Nancy Sottos

Nancy Sottos’s research focuses on autonomous materials, drawing inspiration from nature, to find the best way to have materials heal themselves. She, along with Jeffrey S. Moore and Scott White, created the first self-healing polymers with the¬†first demonstration in 2001.Sottos graduated with her bachelor’s degree in mechanical engineering from the University of Delaware in 1986 and her Ph.D. in 1991. She then came to teach at the University of Illinois in 1991 and was a professor in the Department of Theoretical and Applied Mechanics. Her research has focused on self-healing polymers and autonomous materials. In 2004, she became the co-chair of Molecular and Electronic Nanostructures Research Theme at the Beckman Institute. In 2006 she moved to the Department of Material Science and Engineering.

The creation of the self-healing polymers has helped to make materials last longer and stronger. Cracks in plastics can make the plastic weaker and wear out faster. She has created several methods for polymers to be self-healing with the microencapsulated systems method leading to the polymer being able to recover 90% of it’s toughness and the microvascular system being able to recover 82% toughness.

Her research group has continued their study of nanostructures, conducting research and creating new methods for self-healing polymers and other areas, such as self reporting materials that change color when broken. Another area of research are smart materials that will have a triggered response to a certain input. For example, if the input (such as temperature) were to change, then a desired change in the properties of the polymer would occur automatically. She has also worked on thermal sensitivity and thin films.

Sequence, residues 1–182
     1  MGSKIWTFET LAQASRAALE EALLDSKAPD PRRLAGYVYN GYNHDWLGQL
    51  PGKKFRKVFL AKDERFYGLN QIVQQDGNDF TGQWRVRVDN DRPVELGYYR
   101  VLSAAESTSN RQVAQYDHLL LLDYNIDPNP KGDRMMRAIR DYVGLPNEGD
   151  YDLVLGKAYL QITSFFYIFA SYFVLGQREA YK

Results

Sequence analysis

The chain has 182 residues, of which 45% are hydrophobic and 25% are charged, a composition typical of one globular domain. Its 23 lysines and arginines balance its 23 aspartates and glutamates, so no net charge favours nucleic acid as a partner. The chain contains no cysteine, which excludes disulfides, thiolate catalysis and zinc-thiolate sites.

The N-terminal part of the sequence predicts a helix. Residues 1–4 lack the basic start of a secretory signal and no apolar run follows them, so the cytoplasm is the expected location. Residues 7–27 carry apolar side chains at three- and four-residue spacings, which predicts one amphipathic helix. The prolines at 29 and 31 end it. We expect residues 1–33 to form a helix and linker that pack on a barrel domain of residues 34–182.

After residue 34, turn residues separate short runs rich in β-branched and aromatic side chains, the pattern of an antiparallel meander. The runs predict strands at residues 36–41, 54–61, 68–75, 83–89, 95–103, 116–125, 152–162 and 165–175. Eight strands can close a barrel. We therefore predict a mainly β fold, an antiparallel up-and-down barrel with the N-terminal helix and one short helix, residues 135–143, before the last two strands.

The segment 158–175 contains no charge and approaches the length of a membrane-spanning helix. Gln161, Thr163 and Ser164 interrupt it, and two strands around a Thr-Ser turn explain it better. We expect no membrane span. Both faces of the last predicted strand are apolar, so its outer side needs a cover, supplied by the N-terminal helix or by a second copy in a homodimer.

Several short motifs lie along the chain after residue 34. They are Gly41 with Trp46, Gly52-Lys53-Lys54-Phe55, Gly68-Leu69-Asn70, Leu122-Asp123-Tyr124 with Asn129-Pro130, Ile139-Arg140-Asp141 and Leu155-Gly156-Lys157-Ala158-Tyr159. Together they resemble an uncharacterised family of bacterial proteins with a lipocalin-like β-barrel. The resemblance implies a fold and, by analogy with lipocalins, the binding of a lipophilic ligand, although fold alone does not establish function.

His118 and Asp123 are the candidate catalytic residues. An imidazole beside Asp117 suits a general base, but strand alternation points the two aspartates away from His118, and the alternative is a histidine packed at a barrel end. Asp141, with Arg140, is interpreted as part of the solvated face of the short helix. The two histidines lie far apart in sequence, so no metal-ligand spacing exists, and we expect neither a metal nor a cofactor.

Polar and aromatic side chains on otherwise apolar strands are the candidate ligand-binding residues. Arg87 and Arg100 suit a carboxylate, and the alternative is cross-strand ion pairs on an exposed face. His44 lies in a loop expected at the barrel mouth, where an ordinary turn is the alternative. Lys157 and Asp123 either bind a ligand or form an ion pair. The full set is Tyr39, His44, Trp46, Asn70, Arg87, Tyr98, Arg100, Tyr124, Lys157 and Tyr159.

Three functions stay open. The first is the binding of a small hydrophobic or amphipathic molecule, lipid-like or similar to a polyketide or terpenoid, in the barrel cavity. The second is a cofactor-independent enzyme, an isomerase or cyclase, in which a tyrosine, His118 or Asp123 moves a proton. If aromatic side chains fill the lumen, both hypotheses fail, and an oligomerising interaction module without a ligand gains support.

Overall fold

Another way that self-healing polymers are being applied by Sottos is to put them in batteries to extend how long they can be used and how much energy the battery is able to retain over time. This will especially be useful in our everyday lives for products such as cell phones and electric car batteries.

– Beckman Institute. This is where Nancy and her team conduct research.

 

For more information on self-healing polymers, click here.

For more information on work Sottos and her lab have been working on at Beckman, click here

For an article about self-healing polymers and batteries, click here

For more stories on women engineers, click here

 

Beckman Institute for Advanced Science and Technology. (n.d). Autonomous Materials Systems. Retrieved from http://autonomic.beckman.illinois.edu/

Beckman Institute for Advanced Science and Technology. (n.d.) Sottos Research Group. Retrieved from: http://sottosgroup.beckman.illinois.edu/

Department of Materials Science and Engineering. (2017). Nancy R. Sottos. Retrieved from https://matse.illinois.edu/directory/profile/n-sottos

Ghosh, S. K. (Ed.). (2009, August 4). Self-healing Materials: Fundamentals, Design Strategies, and Applications. Available from https://books.google.com/books?id=4NH64BONX94C&pg=PA3&hl=en#v=onepage&q&f=false

Nancy Sottos. (2017, September 2). In Wikipedia. Retrieved from https://en.wikipedia.org/wiki/Nancy_Sottos

Yoksoulian, L. E. (2017, May 15). Self-healing tech charges up performance for silicon-containing battery anodes. [Web log]. Retrieved from https://news.illinois.edu/blog/view/6367/500181

Contributors: Kristen Allen